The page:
During his discussions about the business of getting into college, Mr. Walsh noted that very large, public universities in the United States sometimes admit students based almost totally on numeric measures — grades, SAT/ACT scores. However, college admissions officers at U.S. colleges and universities that are smaller and have the resources to be more selective use a holistic approach to admissions. In addition to grades and test scores, the student’s application is considered based on “the whole person,” which is reflected in things like teacher recommendations, essays, interviews, and extracurricular activities. What are the implications of this for APIS parents? “You want to make sure your kids are doing something beyond just the numbers,” Mr. Walsh stressed. “Good grades are wonderful, but that’s just one piece.” For instance, he noted that he has heard of students devoting their entire summer before their senior year only to studying for the SAT or ACT. “I think that’s a little bit of a lost opportunity,” he said, suggesting that volunteer work, an internship, or work on a non-academic skill would be more compelling to admissions offices. In addition to looking for students who get good grades and do interesting things, there is a particular “type” of student that each school values and is searching for. “Each school will have a unique evaluation process,” Mr. Walsh said. One school might be looking for what they call “intellectual vitality,” another might identify their ideal student as one typified by purpose, passion, and meaning. “It can feel very mysterious,” Mr. Walsh said. He explained that from the point of view of an admissions officer, the decision process can be “a little bit like a dinner party. Who do you want to invite and sit next to?” And the tone of every dinner party is just a little different.

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College Information Night Mr. Walsh encouraged APIS students to see the essays required in the college application as a great chance — a chance to express their passion, their “authentic voice,” a chance to elaborate on what they’ve learned in their extracurricular activities. He described an essay he remembers that was written by a student applying to Stanford. The student wrote about how he’d spent the summer rebuilding a car engine. Mr. Walsh was impressed. The essay revealed a student who was a learner, a self-starter, a person who had a passion for mechanics. That student was recommended for admission.

Mr. Walsh also presented during a workshop on teacher recommendation letters.

The teacher’s letter of recommendation is another powerful message about the student, according to Mr. Walsh. So, students should ask for those letters from teachers who really know the student and can comment on the student’s engagement with learning. And students can help generate good comments in those letters by being enthusiastically involved in their classes. Participate, raise your hand, get involved in the discussions, he suggested. Finally, Mr. Walsh suggested that APIS students shouldn’t keep their college search too narrow (it’s Yale, or nothing). There are more than 3,000 colleges and universities in the United States, and, out of them, “there’s a couple hundred real winners,” Mr. Walsh said. Not every student would thrive at Stanford or Harvard or Yale. Many would be overwhelmed and not even have a chance to shine. It’s not a dinner party that they should want to attend. The idea should be to find the college that is the best fit for the student. Martin Walsh currently works as a counselor at the Harker School in San Jose, California.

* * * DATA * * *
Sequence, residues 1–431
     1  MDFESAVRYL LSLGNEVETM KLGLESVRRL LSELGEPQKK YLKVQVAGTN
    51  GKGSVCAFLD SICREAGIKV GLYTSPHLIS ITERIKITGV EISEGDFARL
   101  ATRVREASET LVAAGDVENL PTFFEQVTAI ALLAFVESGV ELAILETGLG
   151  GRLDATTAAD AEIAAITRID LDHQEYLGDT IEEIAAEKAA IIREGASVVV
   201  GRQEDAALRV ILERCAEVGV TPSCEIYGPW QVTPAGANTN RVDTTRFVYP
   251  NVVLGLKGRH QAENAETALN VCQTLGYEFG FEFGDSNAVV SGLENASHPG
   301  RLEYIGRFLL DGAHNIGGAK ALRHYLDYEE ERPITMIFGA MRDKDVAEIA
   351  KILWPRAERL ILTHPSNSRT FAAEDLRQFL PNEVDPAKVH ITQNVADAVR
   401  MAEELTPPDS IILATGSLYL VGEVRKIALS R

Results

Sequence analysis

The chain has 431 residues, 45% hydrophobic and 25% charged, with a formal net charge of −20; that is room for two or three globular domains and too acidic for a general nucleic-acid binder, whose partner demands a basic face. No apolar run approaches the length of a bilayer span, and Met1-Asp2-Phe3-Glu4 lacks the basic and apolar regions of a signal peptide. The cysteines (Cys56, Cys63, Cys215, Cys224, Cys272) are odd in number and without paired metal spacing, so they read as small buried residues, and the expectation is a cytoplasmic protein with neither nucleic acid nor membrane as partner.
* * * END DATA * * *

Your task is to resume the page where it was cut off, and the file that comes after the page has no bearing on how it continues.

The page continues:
Upcoming

College Visits

SEPTEMBER 2015

SECONDARY SCHOOL NEWS & EVENTS

Johns Hopkins University / Creighton University University of Missouri University of Colorado The University of Iowa

Hult Int'l Business School

Linden College Fair (21 colleges & universities) Swiss School of Tourism & Hospitality Binghamton University St. John's University Washington and Jefferson College

University of Southern California California College of the Arts W W W. A P I S . O R G

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Principal’s Note: Grades Are Not Everything!

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hen he handed me back the guitar I was impressed! Other than sharing a “good morning” every morning, I had never really spoken to this student. I had been sitting outside playing the guitar and he had sat down next to me. “Do you play?” I asked him. “A little bit,” was his reply. As I handed him the guitar and he began to play, I smiled. This young man, who I knew nothing about, was a very good guitarist! After a song or two he handed the guitar back with a smile. “This is the third time I’ve been here,” he commented. “So I guess you weren’t really looking forward to it,” I replied. “No. I love it!” was his response. I was intrigued. “Why?” I asked. “I get to be with all my friends and with classmates I don’t really know. It is a great time to get to know everyone,” was his response. From Sept. 9 to 11, the high school travelled to Donghae, on the east coast of Korea and enjoyed the High School Retreat. With the theme of “APIS Live,” our high school students and their teachers were led by the Christian Life Department in three days of relationship building, cultural activities, and bigpicture questions. It was an opportunity for students and teachers to interact in a setting outside the classroom, to build relationships and to learn more about each other. It is an extremely important part of the school year, and an extremely important part of the education APIS provides for its students. It is an extremely important event that develops Aspirations, Perseverance, Integrity and Spiritual grounding. It has been the highlight of my year so far. Every student who attended the retreat gained something invaluable, that I believe will have a positive impact on the rest of their year at APIS. While grades are very important, they are not everything!